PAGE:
Because of my busy schedule, I never got a chance to sit down and play this on the PS2. In fact, I have missed a lot of PS2 games ever since 2005 (the year I entered my master's). Juggling work, school and exhibit calls demanded that I carry a PSP or a DS, should I want to keep gaming.

The sad part is I loved Persona 2: Eternal Punishment. That was one of the best games I have ever encountered. Plus, I totally dig the fact that it had a female protagonist, cub reporter Maya Amano, and interesting supporting characters in the form of Urara and Baofu. Well, it's been said that this Persona 3 for the PSP will have an alternate angle: You can now play as a female character. That alone is reason enough for me to get this come July.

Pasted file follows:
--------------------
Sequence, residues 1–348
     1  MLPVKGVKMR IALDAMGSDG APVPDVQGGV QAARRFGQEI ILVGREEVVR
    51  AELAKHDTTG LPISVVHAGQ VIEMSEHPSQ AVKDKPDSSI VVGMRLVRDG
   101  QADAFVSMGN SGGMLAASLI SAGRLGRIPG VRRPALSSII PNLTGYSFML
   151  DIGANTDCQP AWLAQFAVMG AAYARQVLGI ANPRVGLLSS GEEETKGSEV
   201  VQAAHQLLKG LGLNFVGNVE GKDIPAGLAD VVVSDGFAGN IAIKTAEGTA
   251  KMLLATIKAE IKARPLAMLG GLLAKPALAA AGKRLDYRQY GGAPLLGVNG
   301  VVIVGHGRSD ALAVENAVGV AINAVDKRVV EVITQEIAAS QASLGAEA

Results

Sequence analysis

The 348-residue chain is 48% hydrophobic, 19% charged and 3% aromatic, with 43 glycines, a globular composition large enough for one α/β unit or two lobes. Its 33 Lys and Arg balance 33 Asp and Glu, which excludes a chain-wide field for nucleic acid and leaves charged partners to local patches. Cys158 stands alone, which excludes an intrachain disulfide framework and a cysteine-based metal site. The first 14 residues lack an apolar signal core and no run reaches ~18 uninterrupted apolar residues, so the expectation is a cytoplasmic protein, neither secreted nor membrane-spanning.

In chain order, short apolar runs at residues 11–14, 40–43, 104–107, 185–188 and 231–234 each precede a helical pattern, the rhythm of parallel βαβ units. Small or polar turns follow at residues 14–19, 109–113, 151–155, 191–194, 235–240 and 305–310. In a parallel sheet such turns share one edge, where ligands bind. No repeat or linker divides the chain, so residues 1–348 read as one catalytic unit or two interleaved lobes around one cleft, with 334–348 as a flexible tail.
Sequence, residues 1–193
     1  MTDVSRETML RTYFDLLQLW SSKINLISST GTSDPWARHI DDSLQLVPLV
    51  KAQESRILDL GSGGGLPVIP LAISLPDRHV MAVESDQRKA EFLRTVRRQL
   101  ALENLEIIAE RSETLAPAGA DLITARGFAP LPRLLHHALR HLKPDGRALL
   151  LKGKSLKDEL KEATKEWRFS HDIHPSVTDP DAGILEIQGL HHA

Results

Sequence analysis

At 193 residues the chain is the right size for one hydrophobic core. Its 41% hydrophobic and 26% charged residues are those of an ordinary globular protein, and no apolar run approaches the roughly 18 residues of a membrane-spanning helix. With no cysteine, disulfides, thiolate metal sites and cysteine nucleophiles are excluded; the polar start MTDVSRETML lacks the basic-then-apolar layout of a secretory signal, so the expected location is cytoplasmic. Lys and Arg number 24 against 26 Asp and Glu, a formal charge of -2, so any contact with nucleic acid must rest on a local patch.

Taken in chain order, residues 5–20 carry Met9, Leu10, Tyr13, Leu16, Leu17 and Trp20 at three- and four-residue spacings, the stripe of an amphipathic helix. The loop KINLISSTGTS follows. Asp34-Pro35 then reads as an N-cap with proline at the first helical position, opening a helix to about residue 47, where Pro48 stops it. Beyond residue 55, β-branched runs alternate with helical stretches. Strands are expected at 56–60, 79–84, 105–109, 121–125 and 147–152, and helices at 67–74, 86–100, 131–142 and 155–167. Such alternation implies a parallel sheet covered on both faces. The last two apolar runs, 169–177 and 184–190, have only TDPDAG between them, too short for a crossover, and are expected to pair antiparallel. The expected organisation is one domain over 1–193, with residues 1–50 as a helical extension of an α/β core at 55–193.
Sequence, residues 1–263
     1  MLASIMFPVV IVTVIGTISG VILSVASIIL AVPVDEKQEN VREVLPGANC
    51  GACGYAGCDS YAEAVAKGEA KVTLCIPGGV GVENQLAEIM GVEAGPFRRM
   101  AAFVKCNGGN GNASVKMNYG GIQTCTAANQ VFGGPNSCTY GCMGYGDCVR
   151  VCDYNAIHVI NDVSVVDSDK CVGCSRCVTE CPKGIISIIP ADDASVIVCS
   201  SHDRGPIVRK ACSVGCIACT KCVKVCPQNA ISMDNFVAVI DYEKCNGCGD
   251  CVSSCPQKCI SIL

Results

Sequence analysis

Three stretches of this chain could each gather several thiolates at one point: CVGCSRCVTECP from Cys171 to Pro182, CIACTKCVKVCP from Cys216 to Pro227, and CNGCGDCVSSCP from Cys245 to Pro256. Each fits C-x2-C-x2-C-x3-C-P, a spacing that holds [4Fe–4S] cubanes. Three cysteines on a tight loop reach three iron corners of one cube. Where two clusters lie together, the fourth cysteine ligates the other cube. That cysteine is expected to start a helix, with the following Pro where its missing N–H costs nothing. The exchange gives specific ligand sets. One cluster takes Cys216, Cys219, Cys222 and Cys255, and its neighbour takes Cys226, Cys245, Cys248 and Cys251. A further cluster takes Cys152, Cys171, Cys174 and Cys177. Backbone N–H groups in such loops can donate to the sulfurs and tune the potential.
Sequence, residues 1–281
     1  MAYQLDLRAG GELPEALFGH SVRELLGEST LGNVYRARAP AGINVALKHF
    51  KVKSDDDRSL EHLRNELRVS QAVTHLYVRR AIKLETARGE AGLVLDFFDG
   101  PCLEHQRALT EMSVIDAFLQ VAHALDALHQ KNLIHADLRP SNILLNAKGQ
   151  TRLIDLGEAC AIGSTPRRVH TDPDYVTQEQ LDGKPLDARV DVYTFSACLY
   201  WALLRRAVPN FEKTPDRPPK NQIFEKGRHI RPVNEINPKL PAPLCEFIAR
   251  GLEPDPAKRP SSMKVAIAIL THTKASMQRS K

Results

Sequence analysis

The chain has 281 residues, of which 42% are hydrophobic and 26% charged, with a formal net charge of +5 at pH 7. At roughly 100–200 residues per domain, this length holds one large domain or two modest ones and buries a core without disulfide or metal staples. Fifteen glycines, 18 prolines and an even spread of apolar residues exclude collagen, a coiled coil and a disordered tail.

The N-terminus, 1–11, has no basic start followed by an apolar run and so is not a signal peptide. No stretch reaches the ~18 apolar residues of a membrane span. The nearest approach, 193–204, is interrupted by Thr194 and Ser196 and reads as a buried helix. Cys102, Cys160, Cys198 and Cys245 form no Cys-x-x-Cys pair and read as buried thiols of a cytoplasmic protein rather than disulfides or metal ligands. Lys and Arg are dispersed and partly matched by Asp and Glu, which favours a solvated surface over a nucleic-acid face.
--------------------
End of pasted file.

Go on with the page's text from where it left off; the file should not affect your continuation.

The following features are listed in Amazon.com:
  • Classic, thought-provoking Persona RPG gameplay in which players construct wieldable physical manifestations of their thoughts through their social interactions with characters in-game, later taking these into team-based battles against Shadow enemies in Tartarus.
  • Contains almost all the content from the original PS2 Persona 3 game, and elements from Persona 3: FES.
  • Significant improvements over earlier games including Skill Cards, part-time jobs, and ability to directly control your teammates in battle.
  • The important new ability to play as a female character, giving the player a whole new perspective on the events of the game and providing a dramatic impact on the game's intricate social dynamics.
  • Improved playability permeates every aspect of the gameplay experience. One button menu shortcuts, streamlined team equipment changes, incredibly short load times, and other tweaks and enhancements create an ideal pace for portable gaming.

Shin Megami Tensei: Persona 3 Portable is slated for release on July 2010 for the Sony PSP. You can read more of this game's features here.